By Matt Blair

If you still haven’t had the chance to attend a live episode of “You Would,” KVIK’s (Western’s television station) quarterly sketch comedy show, Thursday is your last opportunity to be a part of the studio audience this year. Starting at 7:30 p.m. in the VU Multipurpose Room, the spring episode of “You Would” is unique for a few different reasons, according to “You Would” Executive Producer Nick Andrews.

According to Andrews, the first thing viewers will notice is that the show begins and ends with a pair of musical numbers written and recorded by the KVIK crew. Andrews said that the songs proved to be quite a challenge for many of the crew members who were not necessarily trained in theater arts. They decided to use songs, Andrews said, because it allowed them to put a creative interpretation on a classic Broadway favorite.

“It was a serious challenge trying to write and perform songs because most of us can’t sing,” Andrews said.


Kyle Mitchel and Nicole Parish rehearse one of the live sketches that they will be performed at the\u201cYou Would\u201d premier this Thursday. Photo by Erik Simkins.

The “You Would” crew has a surprise planned after the opening number. While Andrews kept mum about the secret, he said that it directly dealt with four of the crew members, including Andrews, who is facing graduation. The seniors wanted to tackle a particularly challenging theme for this quarter’s episode, said Andrews.

“It’s [the secret theme] so shocking and people definitely don’t want to talk about it,” Andrews said. “We decided that it would be funny to take on, so we’re going there.”

Although this will be Andrews’ final episode as a member of the “You Would” crew, he said that he was glad to have been a part of such a successful project with KVIK.
Since its inception, “You Would” has been the most attended quarterly event KVIK hosts. Live shows typically sell out and in the two years Andrews has been assisting “You Would,” he said that KVIK has also been able to increase the technical capabilities of filmmaking, including new cameras and editing software.


Nick Nielsen acts in a taped sketch that he also co-created, titled \u201cGhostLusters.\u201d The sketch is one of four that will be screened on Thursday. Photo by Erik Simkins.

“It’s been completely unreal, working with KVIK,” Andrews said. “The whole station started out as a pea and it keeps snowballing. We’ve gone from being screened in front of 90 people and having the whole thing filmed on handy cams to what it is today.”

Andrews feels that this episode will showcase the abilities of the “You Would” crew, something he has been able to be a part of for the last two years.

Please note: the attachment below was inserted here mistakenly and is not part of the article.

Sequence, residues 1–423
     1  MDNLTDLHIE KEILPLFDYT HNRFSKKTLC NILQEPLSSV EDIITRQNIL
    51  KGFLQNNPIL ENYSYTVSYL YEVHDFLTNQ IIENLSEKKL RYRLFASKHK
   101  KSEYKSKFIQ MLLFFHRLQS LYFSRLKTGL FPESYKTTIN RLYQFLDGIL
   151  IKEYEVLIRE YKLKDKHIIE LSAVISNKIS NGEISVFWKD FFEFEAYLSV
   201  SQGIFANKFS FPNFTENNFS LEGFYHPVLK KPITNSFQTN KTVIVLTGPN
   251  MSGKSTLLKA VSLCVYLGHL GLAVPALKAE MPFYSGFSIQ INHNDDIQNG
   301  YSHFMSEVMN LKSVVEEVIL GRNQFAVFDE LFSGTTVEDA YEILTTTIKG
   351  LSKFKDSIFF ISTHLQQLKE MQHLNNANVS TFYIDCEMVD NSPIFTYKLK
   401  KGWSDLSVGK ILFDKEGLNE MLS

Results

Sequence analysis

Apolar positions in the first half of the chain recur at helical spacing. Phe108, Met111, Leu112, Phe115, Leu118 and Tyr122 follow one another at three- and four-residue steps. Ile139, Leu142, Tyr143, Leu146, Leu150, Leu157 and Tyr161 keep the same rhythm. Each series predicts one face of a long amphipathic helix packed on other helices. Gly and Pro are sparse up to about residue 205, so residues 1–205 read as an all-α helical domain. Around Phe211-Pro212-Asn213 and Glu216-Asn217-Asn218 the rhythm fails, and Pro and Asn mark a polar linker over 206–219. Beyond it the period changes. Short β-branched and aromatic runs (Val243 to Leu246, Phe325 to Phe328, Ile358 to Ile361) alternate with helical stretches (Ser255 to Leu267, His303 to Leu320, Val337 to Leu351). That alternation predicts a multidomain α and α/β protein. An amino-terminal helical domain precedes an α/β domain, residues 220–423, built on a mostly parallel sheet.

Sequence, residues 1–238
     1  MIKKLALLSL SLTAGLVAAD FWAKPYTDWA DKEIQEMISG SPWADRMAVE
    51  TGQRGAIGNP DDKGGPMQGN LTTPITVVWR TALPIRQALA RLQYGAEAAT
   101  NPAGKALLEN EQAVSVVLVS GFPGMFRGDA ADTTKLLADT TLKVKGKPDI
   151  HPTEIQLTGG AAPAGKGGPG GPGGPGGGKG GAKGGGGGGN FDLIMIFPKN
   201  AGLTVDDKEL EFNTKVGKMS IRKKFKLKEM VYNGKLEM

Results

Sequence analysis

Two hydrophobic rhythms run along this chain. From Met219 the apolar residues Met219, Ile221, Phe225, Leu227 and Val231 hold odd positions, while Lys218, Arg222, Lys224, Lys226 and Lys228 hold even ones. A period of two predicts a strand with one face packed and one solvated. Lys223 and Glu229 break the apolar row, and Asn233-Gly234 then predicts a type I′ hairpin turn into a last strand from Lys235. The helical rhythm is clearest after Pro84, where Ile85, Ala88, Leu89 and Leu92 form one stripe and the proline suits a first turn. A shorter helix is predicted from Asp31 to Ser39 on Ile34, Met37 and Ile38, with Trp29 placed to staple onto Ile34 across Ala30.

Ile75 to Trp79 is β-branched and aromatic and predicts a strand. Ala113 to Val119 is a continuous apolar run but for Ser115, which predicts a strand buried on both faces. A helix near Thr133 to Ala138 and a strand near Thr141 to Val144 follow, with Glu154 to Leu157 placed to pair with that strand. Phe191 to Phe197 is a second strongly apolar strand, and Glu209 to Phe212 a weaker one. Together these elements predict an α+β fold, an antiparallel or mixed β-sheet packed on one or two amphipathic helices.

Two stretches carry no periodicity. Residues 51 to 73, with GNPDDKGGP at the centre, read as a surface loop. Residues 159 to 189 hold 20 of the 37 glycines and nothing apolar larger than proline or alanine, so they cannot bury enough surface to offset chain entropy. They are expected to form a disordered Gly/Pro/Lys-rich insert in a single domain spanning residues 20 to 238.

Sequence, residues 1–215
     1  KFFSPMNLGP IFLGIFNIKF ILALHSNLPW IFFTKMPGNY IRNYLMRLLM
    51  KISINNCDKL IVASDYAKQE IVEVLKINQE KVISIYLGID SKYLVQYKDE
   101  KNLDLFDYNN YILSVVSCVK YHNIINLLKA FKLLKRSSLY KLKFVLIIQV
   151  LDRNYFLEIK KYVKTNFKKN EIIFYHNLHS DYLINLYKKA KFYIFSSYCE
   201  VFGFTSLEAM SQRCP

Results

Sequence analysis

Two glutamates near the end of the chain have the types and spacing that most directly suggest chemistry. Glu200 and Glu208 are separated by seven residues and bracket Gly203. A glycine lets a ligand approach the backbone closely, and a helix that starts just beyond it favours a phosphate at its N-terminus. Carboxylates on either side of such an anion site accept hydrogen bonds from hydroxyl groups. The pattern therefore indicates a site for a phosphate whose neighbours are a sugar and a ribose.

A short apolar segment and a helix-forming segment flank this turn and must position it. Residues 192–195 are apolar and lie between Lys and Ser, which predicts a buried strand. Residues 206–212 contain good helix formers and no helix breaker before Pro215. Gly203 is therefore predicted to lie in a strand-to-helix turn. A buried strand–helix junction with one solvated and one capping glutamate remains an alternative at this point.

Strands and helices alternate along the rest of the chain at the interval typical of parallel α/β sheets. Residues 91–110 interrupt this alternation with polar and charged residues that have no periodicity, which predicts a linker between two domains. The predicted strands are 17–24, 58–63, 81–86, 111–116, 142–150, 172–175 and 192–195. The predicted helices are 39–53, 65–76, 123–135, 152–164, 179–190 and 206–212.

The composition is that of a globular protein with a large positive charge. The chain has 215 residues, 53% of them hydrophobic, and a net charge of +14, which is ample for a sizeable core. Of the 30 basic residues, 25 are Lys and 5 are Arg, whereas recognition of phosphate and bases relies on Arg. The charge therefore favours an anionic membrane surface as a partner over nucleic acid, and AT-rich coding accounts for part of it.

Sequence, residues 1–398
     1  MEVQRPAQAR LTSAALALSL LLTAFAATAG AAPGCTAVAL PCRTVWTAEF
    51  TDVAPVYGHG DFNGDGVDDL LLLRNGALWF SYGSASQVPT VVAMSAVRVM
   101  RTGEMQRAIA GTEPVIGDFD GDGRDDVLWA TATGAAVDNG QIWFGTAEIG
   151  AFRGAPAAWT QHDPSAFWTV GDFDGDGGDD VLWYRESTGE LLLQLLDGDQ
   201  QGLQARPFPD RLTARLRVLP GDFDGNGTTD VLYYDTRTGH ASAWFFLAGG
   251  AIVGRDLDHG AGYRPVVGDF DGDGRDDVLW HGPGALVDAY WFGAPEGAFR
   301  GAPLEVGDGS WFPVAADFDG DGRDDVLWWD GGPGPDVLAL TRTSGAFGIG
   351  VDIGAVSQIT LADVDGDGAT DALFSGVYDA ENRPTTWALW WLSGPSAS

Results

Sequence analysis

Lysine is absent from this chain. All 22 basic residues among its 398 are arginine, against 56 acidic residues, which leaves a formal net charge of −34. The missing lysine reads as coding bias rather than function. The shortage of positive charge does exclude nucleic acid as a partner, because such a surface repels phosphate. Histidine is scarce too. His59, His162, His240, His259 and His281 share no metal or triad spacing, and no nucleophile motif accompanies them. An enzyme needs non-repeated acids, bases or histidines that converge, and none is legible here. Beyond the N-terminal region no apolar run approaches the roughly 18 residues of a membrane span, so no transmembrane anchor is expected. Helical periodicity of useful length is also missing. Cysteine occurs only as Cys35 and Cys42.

“It’s awe-inspiring to work with such scary-talented individuals,” said Andrews.

One such individual is junior Gabriel Conroy, director of last year’s big KVIK premiere “Lord of the Zombie City.” Conroy wrote and directed LOTZC last year with assistance from KVIK. Currently Conroy is working on his second film short for KVIK, a music titled “WWUsical” (sounds like “musical” spoken from the lips of someone that overstates their “M”s, if you flip the “W”s over.)

Following LOTZC, Conroy felt that he wanted a project that used many of the same film techniques but also demanded a different style of narrative.
“The zombie film went by really fast,” Conroy said. “Everything was shot and edited so fast and there was so much action all the time. I was looking for something completely different that shared the same kinetic methods of shooting.”

After he had decided to try writing a musical, Conroy looked for a story to match the genre. He eventually set out to make a loose parody of “High School Musical,” with other references popular teen films such as “Twilight.” However, Conroy only wanted to use parody as one form of the story, adding his own elements to the film, including a girl who is obsessed with Sharpies, her emo friend and even a walking, talking version of death who drops one-liners and plays Nintendo DS.

“Basically I wanted to say, ‘what if death was a character and one person was emo?’” Conroy said. “Those peculiarities excited me about the project. I like to make fun of anything that’s intense or serious and when I passed the idea of a dark musical around, everyone said they’d be excited to do it.”

Having a dedicated crew has been the best asset for “WWUsical,” Conroy said. Many of the scenes were shot at Mt. Baker, a setting that Conroy thought made the film feel more authentic  but also brought unexpected challenges. For instance, changing weather and cold conditions meant the crew had to constantly adapt and made Conroy more active in his approach to editing.

“I’m very proud of my cast and crew, especially my actors,” Conroy said. “They went up to [Mt.] Baker three different times; that shows dedication in my book. It ensured that we had interesting and authentic locations.”

Though “WWUsical” was originally scheduled to premiere this spring, it has since been pushed back to next fall. Conroy said that the extra time will permit the crew to do more extensive work and has helped bring coherence to making a musical.

“Once we realized that we weren’t going to premiere in the spring we kind of settled down a bit,” Conroy said. “A lot of what we’re trying to do this time around as opposed to the zombie movie is to stay organized and be prepared. Things often get thrown at you and rather than being rigid and shattering, you have to be flexible and just let the scenes work for themselves.”

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